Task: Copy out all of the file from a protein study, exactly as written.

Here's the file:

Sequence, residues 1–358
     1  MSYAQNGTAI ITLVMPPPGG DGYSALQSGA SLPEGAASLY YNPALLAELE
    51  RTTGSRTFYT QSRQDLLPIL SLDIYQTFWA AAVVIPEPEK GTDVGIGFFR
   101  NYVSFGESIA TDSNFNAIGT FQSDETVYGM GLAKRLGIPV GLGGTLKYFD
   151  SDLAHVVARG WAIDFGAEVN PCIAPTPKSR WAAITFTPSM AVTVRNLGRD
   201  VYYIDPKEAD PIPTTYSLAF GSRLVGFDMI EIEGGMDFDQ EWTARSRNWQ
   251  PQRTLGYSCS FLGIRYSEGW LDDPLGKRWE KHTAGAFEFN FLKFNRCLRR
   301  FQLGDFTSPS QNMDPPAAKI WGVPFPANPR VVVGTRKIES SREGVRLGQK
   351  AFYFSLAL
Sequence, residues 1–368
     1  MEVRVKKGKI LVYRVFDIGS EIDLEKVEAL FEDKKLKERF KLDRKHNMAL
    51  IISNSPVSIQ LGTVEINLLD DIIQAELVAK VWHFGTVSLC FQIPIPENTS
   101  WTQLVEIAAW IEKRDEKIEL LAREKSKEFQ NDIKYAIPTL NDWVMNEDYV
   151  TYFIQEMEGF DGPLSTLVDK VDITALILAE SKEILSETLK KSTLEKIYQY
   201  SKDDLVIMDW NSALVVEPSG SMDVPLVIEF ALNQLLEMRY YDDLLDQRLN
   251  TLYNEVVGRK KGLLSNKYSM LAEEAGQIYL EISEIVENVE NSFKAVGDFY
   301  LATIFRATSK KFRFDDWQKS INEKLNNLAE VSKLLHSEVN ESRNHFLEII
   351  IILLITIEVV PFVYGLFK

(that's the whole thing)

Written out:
Sequence, residues 1–358
     1  MSYAQNGTAI ITLVMPPPGG DGYSALQSGA SLPEGAASLY YNPALLAELE
    51  RTTGSRTFYT QSRQDLLPIL SLDIYQTFWA AAVVIPEPEK GTDVGIGFFR
   101  NYVSFGESIA TDSNFNAIGT FQSDETVYGM GLAKRLGIPV GLGGTLKYFD
   151  SDLAHVVARG WAIDFGAEVN PCIAPTPKSR WAAITFTPSM AVTVRNLGRD
   201  VYYIDPKEAD PIPTTYSLAF GSRLVGFDMI EIEGGMDFDQ EWTARSRNWQ
   251  PQRTLGYSCS FLGIRYSEGW LDDPLGKRWE KHTAGAFEFN FLKFNRCLRR
   301  FQLGDFTSPS QNMDPPAAKI WGVPFPANPR VVVGTRKIES SREGVRLGQK
   351  AFYFSLAL
Sequence, residues 1–368
     1  MEVRVKKGKI LVYRVFDIGS EIDLEKVEAL FEDKKLKERF KLDRKHNMAL
    51  IISNSPVSIQ LGTVEINLLD DIIQAELVAK VWHFGTVSLC FQIPIPENTS
   101  WTQLVEIAAW IEKRDEKIEL LAREKSKEFQ NDIKYAIPTL NDWVMNEDYV
   151  TYFIQEMEGF DGPLSTLVDK VDITALILAE SKEILSETLK KSTLEKIYQY
   201  SKDDLVIMDW NSALVVEPSG SMDVPLVIEF ALNQLLEMRY YDDLLDQRLN
   251  TLYNEVVGRK KGLLSNKYSM LAEEAGQIYL EISEIVENVE NSFKAVGDFY
   301  LATIFRATSK KFRFDDWQKS INEKLNNLAE VSKLLHSEVN ESRNHFLEII
   351  IILLITIEVV PFVYGLFK